Case 3

A previously healthy 70 year old man underwent pterygium excision of the right eye using a bare sclera technique with intraoperative application of MMC 0.02% for 3 minutes. On preoperative examination: visual acuity 6/24 partial SC in the right eye and 6/60 SC in the left, anterior segment was quiet except flashy temporal pterygium 7 mm over the limbus partially covering the pupil axis in the right eye. The procedure of the right eye pterygium excision with MMC was successful and performed in the same institute. No complaints or complications were noted at the first two follow ups; however, 3 weeks postoperatively right eye temporal scleral melting and ectasia was seen ( 3 mm × 3 mm in size). Conservative topical treatment with antibiotics, topical anti-inflammatory agents, and steroids failed to resolve the situation. Consequently, 8 weeks after the initial right eye surgery he underwent right eye conjunctival flap grafting over the area of scleral melting. At his last examination best corrected visual acuity was 6/36 partial, blood vessel growth was noted towards the bare sclera and re-epithelialisation with minimal staining. He is still being treated with topical antibiotics with some improvement.


Mitomycin C is an antineoplastic antibiotic agent isolated from the fermentation filtrate of Streptomyces caespitosus. Its action is similar to alkylating agents; it alkylates and crosslinks DNA and, in addition, may generate superoxide and hydroxyl radicals in solution. It also inhibits DNA, RNA, and protein synthesis.5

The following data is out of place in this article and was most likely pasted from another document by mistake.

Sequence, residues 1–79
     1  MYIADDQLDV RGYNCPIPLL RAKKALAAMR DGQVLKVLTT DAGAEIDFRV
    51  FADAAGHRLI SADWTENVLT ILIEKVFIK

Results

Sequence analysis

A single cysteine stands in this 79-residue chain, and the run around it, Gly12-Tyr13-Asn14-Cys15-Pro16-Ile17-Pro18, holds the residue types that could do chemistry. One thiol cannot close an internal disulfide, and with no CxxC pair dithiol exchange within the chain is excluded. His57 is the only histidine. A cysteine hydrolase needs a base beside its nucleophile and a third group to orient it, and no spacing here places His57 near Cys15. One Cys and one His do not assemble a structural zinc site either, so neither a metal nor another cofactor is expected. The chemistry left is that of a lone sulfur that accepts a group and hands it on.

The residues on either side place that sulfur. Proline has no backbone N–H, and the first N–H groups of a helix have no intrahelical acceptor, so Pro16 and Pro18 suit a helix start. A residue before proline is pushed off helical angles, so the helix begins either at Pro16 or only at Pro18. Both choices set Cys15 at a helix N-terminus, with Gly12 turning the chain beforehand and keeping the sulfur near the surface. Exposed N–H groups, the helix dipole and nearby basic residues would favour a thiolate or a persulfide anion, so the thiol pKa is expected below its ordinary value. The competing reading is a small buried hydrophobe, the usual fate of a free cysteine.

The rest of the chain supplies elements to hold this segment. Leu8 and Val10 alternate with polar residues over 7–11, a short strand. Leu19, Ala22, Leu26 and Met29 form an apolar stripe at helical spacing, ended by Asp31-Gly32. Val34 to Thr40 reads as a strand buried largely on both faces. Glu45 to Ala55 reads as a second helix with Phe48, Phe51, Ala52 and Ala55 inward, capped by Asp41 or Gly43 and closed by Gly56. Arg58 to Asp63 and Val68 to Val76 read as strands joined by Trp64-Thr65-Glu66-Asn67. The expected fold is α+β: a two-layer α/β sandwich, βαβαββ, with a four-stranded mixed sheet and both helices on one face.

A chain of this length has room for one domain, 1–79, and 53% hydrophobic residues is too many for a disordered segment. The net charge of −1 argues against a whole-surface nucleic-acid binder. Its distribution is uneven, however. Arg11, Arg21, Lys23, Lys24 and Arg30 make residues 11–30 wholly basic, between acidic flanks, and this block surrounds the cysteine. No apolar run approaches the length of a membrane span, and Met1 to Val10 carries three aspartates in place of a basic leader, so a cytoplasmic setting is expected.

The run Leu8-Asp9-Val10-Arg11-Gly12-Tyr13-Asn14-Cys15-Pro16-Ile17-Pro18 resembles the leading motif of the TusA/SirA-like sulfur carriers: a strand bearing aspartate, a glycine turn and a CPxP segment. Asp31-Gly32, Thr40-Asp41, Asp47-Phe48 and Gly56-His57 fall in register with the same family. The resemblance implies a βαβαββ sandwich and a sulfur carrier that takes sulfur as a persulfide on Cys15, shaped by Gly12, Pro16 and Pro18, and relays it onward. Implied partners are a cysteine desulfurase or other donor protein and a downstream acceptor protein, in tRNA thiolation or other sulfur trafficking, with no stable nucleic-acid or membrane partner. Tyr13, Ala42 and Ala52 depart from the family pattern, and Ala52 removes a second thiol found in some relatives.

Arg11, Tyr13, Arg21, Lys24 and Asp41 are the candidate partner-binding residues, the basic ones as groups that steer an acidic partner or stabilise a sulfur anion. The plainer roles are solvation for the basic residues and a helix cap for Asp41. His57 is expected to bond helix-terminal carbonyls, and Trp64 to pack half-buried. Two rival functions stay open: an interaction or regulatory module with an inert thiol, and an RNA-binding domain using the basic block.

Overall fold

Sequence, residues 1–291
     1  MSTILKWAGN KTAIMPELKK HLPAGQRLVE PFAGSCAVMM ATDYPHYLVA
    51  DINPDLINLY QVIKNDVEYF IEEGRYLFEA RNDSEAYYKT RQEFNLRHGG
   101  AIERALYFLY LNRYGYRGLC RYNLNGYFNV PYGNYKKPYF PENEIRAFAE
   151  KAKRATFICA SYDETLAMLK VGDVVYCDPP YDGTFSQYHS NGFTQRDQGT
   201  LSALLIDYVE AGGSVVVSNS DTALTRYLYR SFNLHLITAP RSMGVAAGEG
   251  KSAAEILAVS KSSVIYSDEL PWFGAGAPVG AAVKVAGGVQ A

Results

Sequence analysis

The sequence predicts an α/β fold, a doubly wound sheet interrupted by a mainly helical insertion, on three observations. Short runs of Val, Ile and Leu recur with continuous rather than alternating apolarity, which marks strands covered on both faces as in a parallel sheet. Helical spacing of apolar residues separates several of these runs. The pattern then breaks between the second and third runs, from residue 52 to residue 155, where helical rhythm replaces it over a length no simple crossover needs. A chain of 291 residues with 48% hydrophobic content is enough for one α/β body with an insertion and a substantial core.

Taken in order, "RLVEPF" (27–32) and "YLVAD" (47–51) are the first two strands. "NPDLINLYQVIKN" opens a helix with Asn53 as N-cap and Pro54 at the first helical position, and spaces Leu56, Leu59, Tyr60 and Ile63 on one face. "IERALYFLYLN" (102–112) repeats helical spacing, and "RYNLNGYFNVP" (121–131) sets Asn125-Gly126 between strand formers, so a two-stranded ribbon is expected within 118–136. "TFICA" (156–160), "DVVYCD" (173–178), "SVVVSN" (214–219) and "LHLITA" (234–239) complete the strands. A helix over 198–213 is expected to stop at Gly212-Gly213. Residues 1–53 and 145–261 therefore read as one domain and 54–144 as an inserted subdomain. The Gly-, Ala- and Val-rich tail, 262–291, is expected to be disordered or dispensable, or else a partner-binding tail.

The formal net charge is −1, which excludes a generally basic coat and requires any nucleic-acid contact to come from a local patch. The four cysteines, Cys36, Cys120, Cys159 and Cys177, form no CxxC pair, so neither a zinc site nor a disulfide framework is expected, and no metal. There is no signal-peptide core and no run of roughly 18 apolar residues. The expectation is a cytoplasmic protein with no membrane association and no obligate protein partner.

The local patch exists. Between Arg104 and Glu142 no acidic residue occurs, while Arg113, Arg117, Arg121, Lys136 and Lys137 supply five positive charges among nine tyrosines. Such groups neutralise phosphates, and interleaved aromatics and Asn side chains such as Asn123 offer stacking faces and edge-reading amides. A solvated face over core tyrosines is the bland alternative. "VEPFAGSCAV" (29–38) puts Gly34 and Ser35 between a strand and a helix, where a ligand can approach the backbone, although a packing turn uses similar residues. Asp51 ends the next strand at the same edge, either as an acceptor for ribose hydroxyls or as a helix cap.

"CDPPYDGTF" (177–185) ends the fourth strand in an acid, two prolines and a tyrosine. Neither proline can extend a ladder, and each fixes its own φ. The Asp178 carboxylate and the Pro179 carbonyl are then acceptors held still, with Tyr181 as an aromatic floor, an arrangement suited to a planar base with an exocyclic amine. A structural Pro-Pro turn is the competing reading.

These combined effects may result in a long term influence on cellular proliferation.

Scleral melting occurring after pterygium surgery with adjunctive treatment has been well reported.6, 7 However, no serious complications were noted in the study by Frucht-Pery and Ilsar8 with postoperative use of 0.1 mg/ml MMC twice daily for 5 days (with a mean follow up period of 15.3 months) or in intraoperative MMC treated eyes.4 A common element in toxicity with MMC is a relatively large cumulative dose.7 Therefore, most ophthalmologists believe that a single intraoperative exposure to MMC would reduce the complication rate of MMC eye drop regimen.4

In the current series, all patients underwent pterygium excision in the bare sclera technique with the low concentration of 0.02% of MMC and a short application of 3 minutes. Among our patients one had corneal perforation that was treated by tectonic keratoplasty and other two had severe deep scleral melting that required conjunctival flaps or autologous graft. Our patients were all healthy, without conditions predisposing to ulceration or poor wound healing such as Sjögren syndrome, severe keratoconjunctivitis sicca, acne rosacea, atopic keratoconjunctivitis, or herpes keratitis (Table 1). We suspected that the MMC concentration was not appropriate during that period. We checked the concentration and it was difficult to obtain precise results after a waiting period, owing to the degradation of the material.

Table 1

This report raises serious questions regarding routine use of MMC. Recently, some investigators have evaluated the safety and efficacy of low dose MMC (0.02%) for an even shorter time (30 seconds).9 All ophthalmologists should be aware of the possibility of vision threatening complications and avoid routine and broad use of mitomycin in all fields.